(SOUNDBITE OF ARCHIVED RECORDING)

NED HILL: If they're going to retire in the next two to three years, they should be doing high fives and dancing in the streets. If they're part of the new, young group of workers who are coming into the plants because the plants have been hiring for the past 2 1/2 years, their life just got a lot dicier because if you look 30 years out, you can look forward to recession and look forward to a trade war.

SHAPIRO: How do you respond to that?

GERARD: I think the guy's full of malarkey, as Joe Biden would say. We've had an accumulated trade deficit with China since they were allowed into the WTO somewhere in the neighborhood of $7 to $8 trillion depending what you put into that. And economists like that one are simply saying that we should let those companies that need to trade in unfair traded products - need to trade with countries that cheat in order to work with cheaters so that they can meet their operating costs. And what should happen to the workers?

SHAPIRO: I know that you're focused on China, but a lot of countries outside of China are very concerned about this. The European Union said it will raise tariffs on American bourbon, Harley motorcycles, blue jeans. Farmers in the Midwest are afraid of agricultural exports being hit. Is your position that you're here to advocate for steelworkers and the other industries don't matter, or are you convinced that these other industries are going to be OK?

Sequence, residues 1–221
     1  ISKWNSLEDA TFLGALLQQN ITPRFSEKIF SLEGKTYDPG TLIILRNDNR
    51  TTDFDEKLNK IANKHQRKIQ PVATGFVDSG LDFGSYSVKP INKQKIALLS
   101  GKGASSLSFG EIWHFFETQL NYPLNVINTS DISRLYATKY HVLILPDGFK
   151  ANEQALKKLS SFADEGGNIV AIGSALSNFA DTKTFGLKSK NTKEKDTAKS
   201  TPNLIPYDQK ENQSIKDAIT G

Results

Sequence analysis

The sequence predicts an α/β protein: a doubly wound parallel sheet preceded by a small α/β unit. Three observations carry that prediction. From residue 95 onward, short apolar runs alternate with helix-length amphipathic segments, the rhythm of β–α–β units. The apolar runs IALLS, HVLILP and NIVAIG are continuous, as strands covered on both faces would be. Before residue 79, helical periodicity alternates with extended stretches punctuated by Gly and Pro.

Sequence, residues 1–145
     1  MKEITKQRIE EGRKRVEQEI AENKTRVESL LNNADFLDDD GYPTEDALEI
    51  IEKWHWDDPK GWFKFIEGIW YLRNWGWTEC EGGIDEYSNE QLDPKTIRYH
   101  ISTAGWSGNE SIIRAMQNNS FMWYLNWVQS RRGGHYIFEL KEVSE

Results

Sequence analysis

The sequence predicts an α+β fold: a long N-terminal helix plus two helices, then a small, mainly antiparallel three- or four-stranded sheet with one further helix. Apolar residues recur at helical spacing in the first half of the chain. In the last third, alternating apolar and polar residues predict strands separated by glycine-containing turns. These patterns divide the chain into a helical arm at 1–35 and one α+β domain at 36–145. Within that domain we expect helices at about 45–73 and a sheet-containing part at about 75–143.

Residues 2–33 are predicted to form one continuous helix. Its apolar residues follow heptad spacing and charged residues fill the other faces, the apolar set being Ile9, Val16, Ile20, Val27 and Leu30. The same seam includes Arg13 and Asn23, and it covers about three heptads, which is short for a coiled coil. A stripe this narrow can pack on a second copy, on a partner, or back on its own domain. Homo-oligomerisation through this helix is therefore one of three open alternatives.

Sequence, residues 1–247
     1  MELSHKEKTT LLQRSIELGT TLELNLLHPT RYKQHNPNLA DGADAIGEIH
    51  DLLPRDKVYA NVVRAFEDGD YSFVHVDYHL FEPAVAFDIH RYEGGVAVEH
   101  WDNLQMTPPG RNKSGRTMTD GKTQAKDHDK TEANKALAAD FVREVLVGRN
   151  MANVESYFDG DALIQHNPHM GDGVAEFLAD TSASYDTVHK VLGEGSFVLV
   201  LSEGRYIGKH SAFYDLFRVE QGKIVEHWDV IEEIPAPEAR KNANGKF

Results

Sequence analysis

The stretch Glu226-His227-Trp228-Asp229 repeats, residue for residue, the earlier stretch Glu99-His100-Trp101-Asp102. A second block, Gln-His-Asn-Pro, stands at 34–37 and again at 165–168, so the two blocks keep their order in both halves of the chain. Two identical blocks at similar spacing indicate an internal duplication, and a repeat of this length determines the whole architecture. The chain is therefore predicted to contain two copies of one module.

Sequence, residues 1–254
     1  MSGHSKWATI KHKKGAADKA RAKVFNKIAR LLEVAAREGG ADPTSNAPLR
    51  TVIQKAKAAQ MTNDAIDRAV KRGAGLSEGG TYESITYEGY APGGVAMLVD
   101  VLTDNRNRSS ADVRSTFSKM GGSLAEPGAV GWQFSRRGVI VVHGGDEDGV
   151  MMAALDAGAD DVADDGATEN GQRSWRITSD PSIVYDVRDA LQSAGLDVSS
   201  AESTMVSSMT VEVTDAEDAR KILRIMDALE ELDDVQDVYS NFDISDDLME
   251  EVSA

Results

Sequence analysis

GERARD: Look. What we're convinced about is we want to stop the countries that cheat. And we want a level playing field. And a country that's cheating should hopefully get - expect to be sanctioned.

SHAPIRO: And when the European Union says, we're going to raise tariffs on American goods, you're just...

GERARD: Why?

SHAPIRO: Well, because President Trump has said he's not going to exempt the EU.

GERARD: Well, we're not there yet. And the fact of the matter is that if there's countries that cheat, they ought to be sanctioned. And look; our view is really simple. Our members don't want any special treatment. They want a set of rules that everybody is going to play by.

SHAPIRO: If I could end by just asking you one political question...

GERARD: Sure.

SHAPIRO: ...Unions are typically a Democratic voting base. President Trump of course is a Republican president who is giving you this policy that you have been seeking. Do you think we're witnessing a political shift here?

GERARD: No. I think that you're going to see a political shift over more than tariffs. I think that there's a lot of other issues. And I know that our members aren't necessarily uniformly moved by those actions 'cause they got a lot of other things that they're concerned about like a huge tax cut that's going to the rich, like the dismantling of our health care system, like cutting back on safety laws at the workplace and a whole bunch of issues. I don't think we've ever been nor will we ever be a one-issue union.

SHAPIRO: Well, Mr. Gerard, thank you for joining us today.

GERARD: You're welcome. Thank you.

SHAPIRO: Leo Gerard is president of the United Steelworkers International speaking with us from Pittsburgh.